She hurries back to inform Mary, and she too rushes to meet Jesus. Her disappointment is revealed in repeating the words of her sister-” if you had been here…”. It is not a sin to be disappointed with God. The psalms give ample evidence of that. What we do with that disappointment is another matter entirely. Jesus does not rebuke either Martha or Mary for their disappointment. We can, and must be honest with God. After all, he knows our thoughts already.
33When Jesus saw her weeping, and the Jews who came with her also weeping, he was greatly disturbed in spirit and deeply moved. 34He said, “Where have you laid him?” They said to him, “Lord, come and see.” 35Jesus began to weep. 36So the Jews said, “See how he loved him!” 37But some of them said, “Could not he who opened the eyes of the blind man have kept this man from dying?” 38Then Jesus, again greatly disturbed, came to the tomb. It was a cave, and a stone was lying against it. 39Jesus said, “Take away the stone.” Martha, the sister of the dead man, said to him, “Lord, already there is a stench because he has been dead four days.” 40Jesus said to her, “Did I not tell you that if you believed, you would see the glory of God?” 41So they took away the stone. And Jesus looked upward and said, “Father, I thank you for having heard me. 42I knew that you always hear me, but I have said this for the sake of the crowd standing here, so that they may believe that you sent me.” 43When he had said this, he cried with a loud voice, “Lazarus, come out!” 44The dead man came out, his hands and feet bound with strips of cloth, and his face wrapped in a cloth. Jesus said to them, “Unbind him, and let him go.”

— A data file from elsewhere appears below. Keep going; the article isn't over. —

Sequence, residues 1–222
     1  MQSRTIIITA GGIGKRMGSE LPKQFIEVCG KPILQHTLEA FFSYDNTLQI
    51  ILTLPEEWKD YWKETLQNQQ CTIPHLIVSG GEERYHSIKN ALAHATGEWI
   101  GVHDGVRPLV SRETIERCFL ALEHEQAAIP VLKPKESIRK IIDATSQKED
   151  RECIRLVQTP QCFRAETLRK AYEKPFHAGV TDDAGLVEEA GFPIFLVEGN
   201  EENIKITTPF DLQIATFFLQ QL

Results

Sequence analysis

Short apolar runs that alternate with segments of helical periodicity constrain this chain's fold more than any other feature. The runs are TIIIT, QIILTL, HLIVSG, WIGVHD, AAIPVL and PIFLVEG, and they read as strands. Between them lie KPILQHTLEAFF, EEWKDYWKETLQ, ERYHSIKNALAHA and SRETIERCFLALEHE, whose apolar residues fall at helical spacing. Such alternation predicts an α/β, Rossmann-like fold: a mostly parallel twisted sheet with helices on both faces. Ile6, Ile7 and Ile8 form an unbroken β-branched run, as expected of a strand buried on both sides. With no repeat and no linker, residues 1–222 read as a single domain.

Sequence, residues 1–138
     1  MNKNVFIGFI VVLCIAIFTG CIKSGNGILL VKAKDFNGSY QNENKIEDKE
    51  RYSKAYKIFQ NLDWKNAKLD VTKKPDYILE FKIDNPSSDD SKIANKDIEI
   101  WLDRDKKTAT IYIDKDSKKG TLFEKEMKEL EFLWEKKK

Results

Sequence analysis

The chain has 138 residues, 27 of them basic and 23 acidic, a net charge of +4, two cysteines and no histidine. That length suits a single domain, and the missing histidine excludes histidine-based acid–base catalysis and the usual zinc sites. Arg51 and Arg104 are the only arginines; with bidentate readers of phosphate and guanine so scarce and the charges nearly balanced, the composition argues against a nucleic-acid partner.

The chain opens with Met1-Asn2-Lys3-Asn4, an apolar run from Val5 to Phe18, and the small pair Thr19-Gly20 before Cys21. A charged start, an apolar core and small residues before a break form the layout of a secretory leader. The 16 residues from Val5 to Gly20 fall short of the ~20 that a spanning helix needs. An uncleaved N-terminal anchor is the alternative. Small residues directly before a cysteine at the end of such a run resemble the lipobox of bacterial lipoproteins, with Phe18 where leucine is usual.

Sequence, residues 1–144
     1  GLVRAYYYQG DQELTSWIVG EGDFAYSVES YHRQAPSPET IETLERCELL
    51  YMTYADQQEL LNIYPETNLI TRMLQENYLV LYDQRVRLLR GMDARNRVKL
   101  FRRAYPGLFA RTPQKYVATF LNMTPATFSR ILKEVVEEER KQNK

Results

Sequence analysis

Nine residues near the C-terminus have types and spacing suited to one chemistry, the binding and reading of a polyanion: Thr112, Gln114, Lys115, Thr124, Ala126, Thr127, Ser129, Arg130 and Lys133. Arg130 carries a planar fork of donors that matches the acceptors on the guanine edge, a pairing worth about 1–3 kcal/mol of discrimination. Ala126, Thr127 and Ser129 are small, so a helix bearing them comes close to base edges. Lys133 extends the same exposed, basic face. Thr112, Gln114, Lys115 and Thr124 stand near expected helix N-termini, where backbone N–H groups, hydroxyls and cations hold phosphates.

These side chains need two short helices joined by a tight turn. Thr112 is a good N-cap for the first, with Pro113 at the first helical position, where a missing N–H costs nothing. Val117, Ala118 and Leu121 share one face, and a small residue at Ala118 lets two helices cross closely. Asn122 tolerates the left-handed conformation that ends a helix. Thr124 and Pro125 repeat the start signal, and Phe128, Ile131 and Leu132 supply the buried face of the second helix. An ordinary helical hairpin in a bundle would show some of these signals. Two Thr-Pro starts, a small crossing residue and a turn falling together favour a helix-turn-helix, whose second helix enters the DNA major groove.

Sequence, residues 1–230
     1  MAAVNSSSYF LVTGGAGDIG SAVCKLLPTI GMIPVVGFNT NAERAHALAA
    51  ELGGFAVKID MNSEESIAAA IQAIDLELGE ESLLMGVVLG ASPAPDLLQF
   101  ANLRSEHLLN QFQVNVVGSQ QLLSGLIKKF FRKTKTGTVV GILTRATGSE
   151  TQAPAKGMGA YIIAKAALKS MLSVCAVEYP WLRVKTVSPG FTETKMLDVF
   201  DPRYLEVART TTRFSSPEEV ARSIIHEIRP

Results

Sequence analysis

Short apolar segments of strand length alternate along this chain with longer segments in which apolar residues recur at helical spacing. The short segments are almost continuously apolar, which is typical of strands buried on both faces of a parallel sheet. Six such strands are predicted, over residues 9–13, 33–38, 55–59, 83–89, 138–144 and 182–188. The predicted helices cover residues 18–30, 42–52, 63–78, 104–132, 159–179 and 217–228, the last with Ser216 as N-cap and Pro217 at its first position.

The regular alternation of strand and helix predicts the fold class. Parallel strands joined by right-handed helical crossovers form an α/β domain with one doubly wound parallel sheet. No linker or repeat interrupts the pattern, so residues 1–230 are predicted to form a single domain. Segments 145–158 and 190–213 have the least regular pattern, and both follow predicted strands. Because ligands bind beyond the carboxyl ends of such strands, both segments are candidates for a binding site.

45Many of the Jews therefore, who had come with Mary and had seen what Jesus did, believed in him.
What follows shows us the humanity of Jesus perhaps as well as any text in the Bible. Even though Jesus knows what is about to happen regarding the resurrection of Lazarus (although Lazarus would eventually have to go through the valley of the shadow of death once again before the “final day”, this was indeed something more than a resuscitation), he still reveals deep emotion at the death of his friend. The Greek word for this emotion shown by Jesus best translates as the sound made by the snorting of an angry horse. As St Paul articulates in his letter to the church at Corinth, death is in fact an enemy, and Jesus in his deep display of emotion would confirm this. There are times when loved ones have experienced prolonged suffering and loss of ability where death many not seem like an enemy, but it is in fact so. One day this enemy will be utterly, and completely destroyed.
Jesus calls for the stone to be removed from the tomb, and despite her powerful affirmation of faith only verses prior, Martha cautions such a move. She still lives in the “here-and-now”, the place where dead bodies decay, and that process has a certain smell associated with it. Like Peter before her, and like most of us, we can make bold proclamation of faith one day, and show little of that faith the next. We always live in the world of “I believe Lord…help my unbelief”. Those at the tomb obey, Jesus prays to his Father, and then calls out with a loud voice and commands Lazarus to come out from the tomb. He does, and those close by unbind him from his grave wrappings.
For John, this will be the last of the many signs that Jesus performed to reveal his identity and mission. In a few short days Jesus, himself will be raised from the dead, but unlike Lazarus, will never die again. From that day forth, Jesus, the Second Person of the Holy Trinity will forever inhabit this resurrected, glorified human body. This resurrection will be testament that Jesus is who he claimed to be, God in the flesh, and give all future generations hope for their own bodily resurrection. May the response of Martha and Mary, and the Jews who witnessed this event be our response as well…” I believe”. Amen